More Data Kept from Doc Payments Database
Written by Editor   
Wednesday, September 03, 2014 11:14 AM

Dollars for Docs currently lists $2.5 billion in payments through 2012 from 15 companies representing about 43 percent of U.S. drug sales, but A new problem has emerged with the federal government's Open Payments system, which is supposed to go live Sept. 30 and disclose payments to physicians by pharmaceutical and medical device companies.

A couple weeks ago, the Centers for Medicare and Medicaid Services said it would be withholding information on one-third of the payments, citing data inconsistencies in company submissions.

Now, a source familiar with the matter tells ProPublica that CMS won't disclose another batch of payments: research grants made by pharmaceutical companies to doctors through intermediaries, known as contract research organizations.

The idea behind the Open Payments database is straightforward: Provide consumers with transparency and context about doctors' financial relationships with pharmaceutical and medical device companies.  But the effort to make drug and device payments public has been beset with delays. The Sunshine Act called for CMS to propose regulations governing disclosure by Oct. 1, 2011 and for payments to be released by the end of September 2013.  But CMS did not release its proposed rules until December 2011 and did not release them in final form until February 2013. At that time, the agency said the first release would include payments to physicians from Aug. 1 to Dec. 31, 2013. This includes payments for research, promotional speaking, consulting, meals, travel and gifts.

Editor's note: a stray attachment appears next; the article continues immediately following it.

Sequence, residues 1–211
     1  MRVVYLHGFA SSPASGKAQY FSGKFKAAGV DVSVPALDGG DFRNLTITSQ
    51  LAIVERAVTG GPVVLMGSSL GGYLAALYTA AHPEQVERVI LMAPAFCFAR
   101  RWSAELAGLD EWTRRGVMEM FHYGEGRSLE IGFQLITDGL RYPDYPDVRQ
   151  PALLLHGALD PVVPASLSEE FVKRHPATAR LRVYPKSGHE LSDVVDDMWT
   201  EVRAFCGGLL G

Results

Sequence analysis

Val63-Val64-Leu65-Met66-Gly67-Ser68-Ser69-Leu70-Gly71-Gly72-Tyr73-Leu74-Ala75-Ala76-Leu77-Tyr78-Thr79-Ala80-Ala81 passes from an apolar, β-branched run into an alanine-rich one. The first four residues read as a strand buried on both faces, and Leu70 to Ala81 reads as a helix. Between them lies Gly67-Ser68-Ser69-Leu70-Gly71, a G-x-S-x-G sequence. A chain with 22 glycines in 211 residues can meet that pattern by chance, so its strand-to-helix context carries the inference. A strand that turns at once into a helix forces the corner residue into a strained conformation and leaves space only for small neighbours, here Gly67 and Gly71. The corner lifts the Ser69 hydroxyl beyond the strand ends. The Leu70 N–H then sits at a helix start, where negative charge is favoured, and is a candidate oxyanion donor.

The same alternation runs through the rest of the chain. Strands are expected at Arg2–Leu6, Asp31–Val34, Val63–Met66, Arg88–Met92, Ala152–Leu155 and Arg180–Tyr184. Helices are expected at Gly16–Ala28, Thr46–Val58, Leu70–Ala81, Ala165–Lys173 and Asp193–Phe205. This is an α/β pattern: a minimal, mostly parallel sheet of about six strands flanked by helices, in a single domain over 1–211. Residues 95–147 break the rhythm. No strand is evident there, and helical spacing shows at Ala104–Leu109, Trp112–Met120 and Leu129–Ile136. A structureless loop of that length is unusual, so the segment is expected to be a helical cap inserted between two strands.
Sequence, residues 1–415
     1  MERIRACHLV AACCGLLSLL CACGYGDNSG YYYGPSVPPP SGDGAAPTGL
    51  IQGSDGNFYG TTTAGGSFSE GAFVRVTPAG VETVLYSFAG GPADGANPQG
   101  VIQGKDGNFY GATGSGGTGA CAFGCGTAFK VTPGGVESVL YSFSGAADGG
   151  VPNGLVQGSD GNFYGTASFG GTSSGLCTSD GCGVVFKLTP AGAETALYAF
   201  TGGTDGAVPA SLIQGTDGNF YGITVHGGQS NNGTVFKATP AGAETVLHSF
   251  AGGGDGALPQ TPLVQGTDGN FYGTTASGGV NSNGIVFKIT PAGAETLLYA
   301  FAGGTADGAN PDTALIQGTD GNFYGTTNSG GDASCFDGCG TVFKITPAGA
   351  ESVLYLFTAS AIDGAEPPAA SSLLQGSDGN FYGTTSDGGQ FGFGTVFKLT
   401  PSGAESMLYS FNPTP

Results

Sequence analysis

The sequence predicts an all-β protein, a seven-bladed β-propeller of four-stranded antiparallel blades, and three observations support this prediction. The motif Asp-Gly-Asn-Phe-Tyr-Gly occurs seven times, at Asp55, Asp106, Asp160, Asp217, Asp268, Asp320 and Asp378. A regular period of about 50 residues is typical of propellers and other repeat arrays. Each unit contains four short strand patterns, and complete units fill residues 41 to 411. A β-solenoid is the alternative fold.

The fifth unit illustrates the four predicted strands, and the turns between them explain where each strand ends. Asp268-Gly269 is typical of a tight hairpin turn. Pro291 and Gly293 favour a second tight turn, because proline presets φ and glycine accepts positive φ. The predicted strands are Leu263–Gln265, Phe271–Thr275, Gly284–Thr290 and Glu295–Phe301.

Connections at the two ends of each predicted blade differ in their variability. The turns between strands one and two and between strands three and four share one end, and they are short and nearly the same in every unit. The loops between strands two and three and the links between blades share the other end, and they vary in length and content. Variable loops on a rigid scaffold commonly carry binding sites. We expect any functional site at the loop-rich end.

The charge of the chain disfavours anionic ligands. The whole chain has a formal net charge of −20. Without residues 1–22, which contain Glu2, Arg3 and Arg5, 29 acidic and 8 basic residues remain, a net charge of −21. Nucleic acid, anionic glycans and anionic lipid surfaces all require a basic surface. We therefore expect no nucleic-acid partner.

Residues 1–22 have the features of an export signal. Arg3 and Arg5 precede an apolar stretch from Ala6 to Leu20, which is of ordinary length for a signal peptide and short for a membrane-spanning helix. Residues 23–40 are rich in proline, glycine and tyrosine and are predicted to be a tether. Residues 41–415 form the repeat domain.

ProPublica has been tracking payments from pharmaceutical companies to doctors since 2010 in our Dollars for Docs news application. The site shows payments by companies that have made this information public, typically under settlement agreements with the government to resolve allegations of improper marketing. Dollars for Docs currently lists $2.5 billion in payments through 2012 from 15 companies representing about 43 percent of U.S. drug sales.

Source:  http://www.medpagetoday.com/PublicHealthPolicy/Ethics/47407